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In this chapter we have the names and classification of the musicians. These, like the priests and their assistants, were divided by lot into twenty-four courses.
1. Captains of the host Not military captains, but princes, chief men of Israel, who formed David’s cabinet for counsel and assisted in all these arrangements of the priests and Levites.
Prophesy with harps This prophesying was the public recitation of psalms to the praise of God, a service which had long been cultivated in the schools of the prophets. See note on 1 Samuel 10:5.
2. Prophesied according to the order of the king That is, in accordance with David’s arrangements and orders.
3. Six Only five names are here given, but a comparison of names in vers. 9-31 shows that Shimei (1 Chronicles 25:17) has been dropped out of the text of this verse.
5. Heman the king’s seer in the words of God Besides his musical talent, Heman had also the gift of revelation, to make known to the king the things of God. Asaph and Jeduthun were also seers. 2 Chronicles 29:30; 2 Chronicles 35:15.
To lift up the horn The expression is obscure as it stands in the present text. Some understand it of the use of the horn in the musical service, but as the horn is not named among the instruments used by these Levites, some of the best expositors connect the phrase with what follows, and explain it in the metaphorical sense of increasing one’s power. For this sense of the words comp. 1 Samuel 2:10; Psalms 148:14; Lamentations 2:17. So, to increase Heman’s power and honour God “ gave” him “fourteen sons and three daughters.”
6. Under the hands of their father Under the direction and leadership of their father.
7. All that were cunning All that were skilled or disciplined in the service of song.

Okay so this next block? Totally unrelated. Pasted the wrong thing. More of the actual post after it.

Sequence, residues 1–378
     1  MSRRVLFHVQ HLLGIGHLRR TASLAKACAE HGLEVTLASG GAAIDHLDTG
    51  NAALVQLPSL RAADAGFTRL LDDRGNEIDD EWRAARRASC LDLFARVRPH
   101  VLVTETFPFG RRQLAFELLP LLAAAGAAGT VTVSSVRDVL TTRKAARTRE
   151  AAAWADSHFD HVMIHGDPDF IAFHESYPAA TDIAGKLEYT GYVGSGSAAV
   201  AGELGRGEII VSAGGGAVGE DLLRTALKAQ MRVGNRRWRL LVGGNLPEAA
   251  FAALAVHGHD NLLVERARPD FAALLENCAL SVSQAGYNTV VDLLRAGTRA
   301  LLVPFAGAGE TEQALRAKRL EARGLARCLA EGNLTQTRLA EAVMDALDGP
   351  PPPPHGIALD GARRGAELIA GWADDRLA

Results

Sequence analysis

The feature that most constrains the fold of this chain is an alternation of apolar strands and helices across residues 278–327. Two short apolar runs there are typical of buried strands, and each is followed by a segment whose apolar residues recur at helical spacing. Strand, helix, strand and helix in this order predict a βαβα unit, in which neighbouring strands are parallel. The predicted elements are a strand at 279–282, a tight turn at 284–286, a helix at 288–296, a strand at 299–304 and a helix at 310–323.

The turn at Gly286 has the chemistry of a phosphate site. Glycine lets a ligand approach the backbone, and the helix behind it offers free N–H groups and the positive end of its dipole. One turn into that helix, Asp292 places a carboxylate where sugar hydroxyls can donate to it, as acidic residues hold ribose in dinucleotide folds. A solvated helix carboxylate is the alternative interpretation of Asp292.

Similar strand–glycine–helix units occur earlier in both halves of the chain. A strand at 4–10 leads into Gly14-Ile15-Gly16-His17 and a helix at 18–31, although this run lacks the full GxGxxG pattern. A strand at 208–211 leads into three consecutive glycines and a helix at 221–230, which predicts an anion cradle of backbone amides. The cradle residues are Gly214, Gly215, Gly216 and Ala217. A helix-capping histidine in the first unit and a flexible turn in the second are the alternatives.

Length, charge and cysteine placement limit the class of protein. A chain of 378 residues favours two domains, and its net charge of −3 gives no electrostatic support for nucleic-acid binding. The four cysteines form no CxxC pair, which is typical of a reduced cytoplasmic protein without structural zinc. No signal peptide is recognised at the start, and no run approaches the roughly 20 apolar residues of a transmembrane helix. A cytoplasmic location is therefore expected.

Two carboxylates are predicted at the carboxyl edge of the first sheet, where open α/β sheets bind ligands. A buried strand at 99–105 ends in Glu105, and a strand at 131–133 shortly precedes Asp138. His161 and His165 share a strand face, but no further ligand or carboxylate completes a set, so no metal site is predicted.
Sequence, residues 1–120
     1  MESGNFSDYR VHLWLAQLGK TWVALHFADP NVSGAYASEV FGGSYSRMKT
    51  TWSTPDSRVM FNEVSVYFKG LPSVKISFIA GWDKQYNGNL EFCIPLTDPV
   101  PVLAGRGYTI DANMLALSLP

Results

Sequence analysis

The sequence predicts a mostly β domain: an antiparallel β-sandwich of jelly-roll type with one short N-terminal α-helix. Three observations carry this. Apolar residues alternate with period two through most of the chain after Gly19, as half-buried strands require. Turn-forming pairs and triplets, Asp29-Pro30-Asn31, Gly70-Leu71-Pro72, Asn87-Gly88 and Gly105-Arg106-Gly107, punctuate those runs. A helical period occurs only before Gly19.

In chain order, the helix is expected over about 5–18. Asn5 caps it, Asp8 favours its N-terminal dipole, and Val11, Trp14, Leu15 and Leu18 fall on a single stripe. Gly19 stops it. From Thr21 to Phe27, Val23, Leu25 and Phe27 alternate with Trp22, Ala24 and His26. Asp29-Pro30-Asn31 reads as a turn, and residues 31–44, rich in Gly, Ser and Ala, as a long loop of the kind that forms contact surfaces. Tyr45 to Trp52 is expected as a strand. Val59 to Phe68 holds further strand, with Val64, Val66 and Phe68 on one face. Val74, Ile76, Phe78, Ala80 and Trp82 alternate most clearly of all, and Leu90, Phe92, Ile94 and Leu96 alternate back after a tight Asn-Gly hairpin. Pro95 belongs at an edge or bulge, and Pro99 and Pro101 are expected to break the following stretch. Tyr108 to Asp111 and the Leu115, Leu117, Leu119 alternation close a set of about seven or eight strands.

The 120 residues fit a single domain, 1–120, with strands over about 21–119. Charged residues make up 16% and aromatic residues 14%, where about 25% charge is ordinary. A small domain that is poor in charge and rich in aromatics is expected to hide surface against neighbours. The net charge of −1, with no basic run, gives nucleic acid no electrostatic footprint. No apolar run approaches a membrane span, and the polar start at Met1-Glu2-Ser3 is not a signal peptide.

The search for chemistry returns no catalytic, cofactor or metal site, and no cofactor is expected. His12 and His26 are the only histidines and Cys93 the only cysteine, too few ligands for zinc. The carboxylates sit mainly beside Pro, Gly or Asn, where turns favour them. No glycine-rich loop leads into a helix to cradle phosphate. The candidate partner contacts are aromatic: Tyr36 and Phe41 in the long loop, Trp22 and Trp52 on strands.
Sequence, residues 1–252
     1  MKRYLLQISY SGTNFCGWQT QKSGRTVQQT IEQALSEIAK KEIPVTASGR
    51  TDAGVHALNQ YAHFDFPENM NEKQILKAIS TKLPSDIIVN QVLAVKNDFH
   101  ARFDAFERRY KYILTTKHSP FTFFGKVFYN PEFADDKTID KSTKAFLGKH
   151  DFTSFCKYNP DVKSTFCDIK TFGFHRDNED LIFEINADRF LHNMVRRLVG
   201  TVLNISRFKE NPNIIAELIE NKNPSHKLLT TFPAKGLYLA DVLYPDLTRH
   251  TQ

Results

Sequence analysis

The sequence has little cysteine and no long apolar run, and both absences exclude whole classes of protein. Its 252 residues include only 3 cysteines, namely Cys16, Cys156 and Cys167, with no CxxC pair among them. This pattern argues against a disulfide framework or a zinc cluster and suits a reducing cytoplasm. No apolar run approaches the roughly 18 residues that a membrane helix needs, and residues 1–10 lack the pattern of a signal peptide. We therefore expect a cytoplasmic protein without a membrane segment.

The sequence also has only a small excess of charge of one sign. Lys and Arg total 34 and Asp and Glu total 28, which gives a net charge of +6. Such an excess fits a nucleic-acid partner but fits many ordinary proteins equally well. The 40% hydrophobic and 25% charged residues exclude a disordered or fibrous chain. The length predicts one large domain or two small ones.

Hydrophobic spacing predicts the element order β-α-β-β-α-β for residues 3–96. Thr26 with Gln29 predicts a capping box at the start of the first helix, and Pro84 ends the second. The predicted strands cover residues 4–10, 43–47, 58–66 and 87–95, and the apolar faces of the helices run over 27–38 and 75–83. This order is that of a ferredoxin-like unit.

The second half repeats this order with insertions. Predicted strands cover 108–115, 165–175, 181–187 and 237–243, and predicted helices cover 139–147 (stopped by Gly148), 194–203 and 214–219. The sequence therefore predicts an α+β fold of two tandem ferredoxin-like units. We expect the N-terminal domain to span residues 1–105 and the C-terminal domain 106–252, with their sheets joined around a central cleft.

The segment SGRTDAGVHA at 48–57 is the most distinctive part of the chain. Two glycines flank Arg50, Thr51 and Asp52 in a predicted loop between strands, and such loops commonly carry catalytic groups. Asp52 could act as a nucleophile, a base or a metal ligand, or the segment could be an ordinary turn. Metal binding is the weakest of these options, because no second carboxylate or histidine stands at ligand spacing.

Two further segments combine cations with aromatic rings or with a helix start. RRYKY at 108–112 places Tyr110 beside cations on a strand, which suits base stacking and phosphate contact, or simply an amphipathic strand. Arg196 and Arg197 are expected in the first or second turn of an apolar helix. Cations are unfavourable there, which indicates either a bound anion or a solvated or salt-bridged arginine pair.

8. They cast lots, ward against ward The word rendered ward means a charge, a guardianship or superintendency. They cast lots to determine the order in which these different classes of singers should serve in the holy service, one class having charge until succeeded in the regular order by another. Our translators have repeated the word ward, but the Hebrew text reads literally: They cast lots for the charge, in the same manner as the small so the great, the skilled with the scholar. Of the four thousand Levites appointed for the service of song, (1 Chronicles 23:5,) the two hundred and eighty eight represented in 1 Chronicles 25:9-31 were the skilled ones, (“all that were cunning,” 1 Chronicles 25:7.) And these were so arranged and distributed by lot that the rest of the four thousand (3,712) were amply supplied with teachers, there being one teacher for about thirteen scholars. So both the small and great, (that is, the older and the younger, comp. 1 Chronicles 24:31,) the teachers and the scholars, were divided into classes, and distributed by lot.
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Whedon, Daniel. "Commentary on 1 Chronicles 25". "Whedon's Commentary on the Bible". https://www.studylight.org/
the Week of Proper 8 / Ordinary 13